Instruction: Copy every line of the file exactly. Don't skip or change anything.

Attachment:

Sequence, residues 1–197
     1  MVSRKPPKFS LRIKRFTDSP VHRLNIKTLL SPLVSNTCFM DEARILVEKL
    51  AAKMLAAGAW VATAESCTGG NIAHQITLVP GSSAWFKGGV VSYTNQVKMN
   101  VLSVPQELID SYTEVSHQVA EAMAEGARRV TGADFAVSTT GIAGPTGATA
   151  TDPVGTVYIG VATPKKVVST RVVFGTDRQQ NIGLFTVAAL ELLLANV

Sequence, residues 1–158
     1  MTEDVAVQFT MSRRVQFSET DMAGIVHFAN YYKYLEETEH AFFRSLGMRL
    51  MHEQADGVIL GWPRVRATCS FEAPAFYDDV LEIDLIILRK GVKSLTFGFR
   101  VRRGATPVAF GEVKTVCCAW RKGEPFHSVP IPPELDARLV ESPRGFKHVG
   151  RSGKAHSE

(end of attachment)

Sequence, residues 1–197
     1  MVSRKPPKFS LRIKRFTDSP VHRLNIKTLL SPLVSNTCFM DEARILVEKL
    51  AAKMLAAGAW VATAESCTGG NIAHQITLVP GSSAWFKGGV VSYTNQVKMN
   101  VLSVPQELID SYTEVSHQVA EAMAEGARRV TGADFAVSTT GIAGPTGATA
   151  TDPVGTVYIG VATPKKVVST RVVFGTDRQQ NIGLFTVAAL ELLLANV

Sequence, residues 1–158
     1  MTEDVAVQFT MSRRVQFSET DMAGIVHFAN YYKYLEETEH AFFRSLGMRL
    51  MHEQADGVIL GWPRVRATCS FEAPAFYDDV LEIDLIILRK GVKSLTFGFR
   101  VRRGATPVAF GEVKTVCCAW RKGEPFHSVP IPPELDARLV ESPRGFKHVG
   151  RSGKAHSE